Not all professional athletes enjoy the limelight. Or being annointed as a "role model." Or having to put up with grocery store run-ins with adoring fans.
But whether they like it or not, professional athletes are in a position that regular Joes, and more importantly, kids, look up to and admire. They have chances that many regular people do not have to make a difference in the world.
While some athletes choose the selfish road—the me-first, get-mine attitude that we often read about in the news—other athletes embrace their stature and try to make a difference in the world.
This is a tribute to two late, great NFL Hall of Famers who made an impact on me as a kid. Chicago Bears Hall of Fame running back Walter Payton and Green Bay Packers Hall of Fame linebacker Ray Nitschke were two professional athletes who deserve to be remembered not only as great football players, but also as two gentlemen who respected and embraced their fans.
Walter Payton's legacy as perhaps the greatest running back to ever play the game of football is unquestioned.
On the field, he was known for playing the position like a linebacker—eager to deliver a blow instead of escaping one. Fans would need a double-take if Payton ran out of bounds because he finished plays like no other running back before or since.
In 1996, when I was a pudgy fourth-grader, I attended an IndyCar race at Road America in Elkhart Lake, Wisconsin. Sure, the race would be entertaining (and deafening), but the real reason my dad and I were excited was because Walter Payton would be there.
At the time Payton was a partner in Payton-Coyne Racing (now Dale Coyne Racing), and even though his presence was unpublicized, we thought we would scope out the tents for a glimpse of Sweetness himself.
We came across an air-conditioned tent with a Payton-Coyne Racing banner in front. My dad asked the security guard in front, not actually expecting a visit, if Walter could have a word with us. A minute later, Payton came outside and chatted our ears off for a good 10 minutes.
When I told him I played running back in youth football, he was quick to give me pointers.
"This is how you give a deadly stiff arm," he said as he jabbed me lightly in the chest. "Pretend like you don't see him, wait until he is right next to you, and jab him like you're in the boxing ring."
Hard to think of a better person to learn a stiff arm from—his blows often made defenders scared to tackle him.
Payton talked about how intense Bears-Packers games were, even in the '80s when the Packers struggled. He told us how much he missed the competition more than anything, which is why he found himself in love with another sport, racing.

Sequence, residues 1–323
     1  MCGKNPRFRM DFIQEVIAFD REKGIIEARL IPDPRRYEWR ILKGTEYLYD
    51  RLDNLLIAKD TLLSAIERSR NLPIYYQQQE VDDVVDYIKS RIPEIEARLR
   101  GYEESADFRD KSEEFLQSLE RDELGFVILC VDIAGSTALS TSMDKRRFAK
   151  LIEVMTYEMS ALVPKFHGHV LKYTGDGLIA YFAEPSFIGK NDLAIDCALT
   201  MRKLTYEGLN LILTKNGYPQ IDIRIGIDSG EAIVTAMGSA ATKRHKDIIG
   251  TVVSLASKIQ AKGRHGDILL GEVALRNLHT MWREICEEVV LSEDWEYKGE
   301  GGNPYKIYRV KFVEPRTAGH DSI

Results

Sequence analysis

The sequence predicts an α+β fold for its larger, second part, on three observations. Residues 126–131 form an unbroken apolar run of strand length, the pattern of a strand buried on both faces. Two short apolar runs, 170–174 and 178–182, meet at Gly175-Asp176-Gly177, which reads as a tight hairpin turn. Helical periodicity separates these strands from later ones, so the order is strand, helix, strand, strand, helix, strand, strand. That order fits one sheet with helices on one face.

In addition to his uber-competitiveness (have you heard about Payton's Hill?), Payton was known by his teammates and friends as the ultimate practical jokester. His penchant for lighting fireworks in rookies' dorm rooms during training camp is well-documented by former teammates (you should read his autobiography, Never Die Easy).
At his core, though, Payton was known as a fun-loving, caring person. Even today, nine years after his unexpected death from a rare liver disease in 1999, Payton's charity contributions continue to make a difference.
The Walter and Connie Payton Foundation, which helps neglected, abused, and underprivileged children, continues to thrive, along with his other organizations and affiliations, including the United Network for Organ Sharing, the Walter Payton Liver Center, and the Walter Payton Cancer Fund.
A few years before the Walter Payton encounter, a new sports grill, Damon's, opened in my hometown Mequon, Wisconsin. The special guest for the grand opening was none other than Packers legend Ray Nitschke. As avid Packers fans, my dad and I headed to Damon's to meet one of the greatest linebackers ever.
Nitschke and his wife were actually celebrating their anniversary that night, yet his friendliness with fans was incredible. For one of the meanest defensive players in the history of the NFL, Nitschke was one hell of a nice guy.
He got a kick out of me saying I was going to play for the Packers some day. Well, at the time, I really believed it.
We talked Packers, Packers, and more Packers. He was quick to give Vince Lombardi credit not only for his football coaching skills, but also for helping make him the person he became.
He reminisced about the Super Bowl days (which only my dad could really relate to), and he even let me wear his Super Bowl II ring (which is a pebble compared to today's) and his Hall of Fame ring.
Nitschke, who died in 1998, is one of only five players to have their numbers retired by the Packers. One of the Packers practice fields is also named Ray Nitschke Field.
I recommend you read Nitschke's autobiography, "Mean on Sunday," which really gives light to his warm heart off of the gridiron. Nitschke made cameos in several different movies, including the original "Longest Yard," and "Head," which stars the Monkees. Oh, and Nitschke was a bit of a goofball himself.
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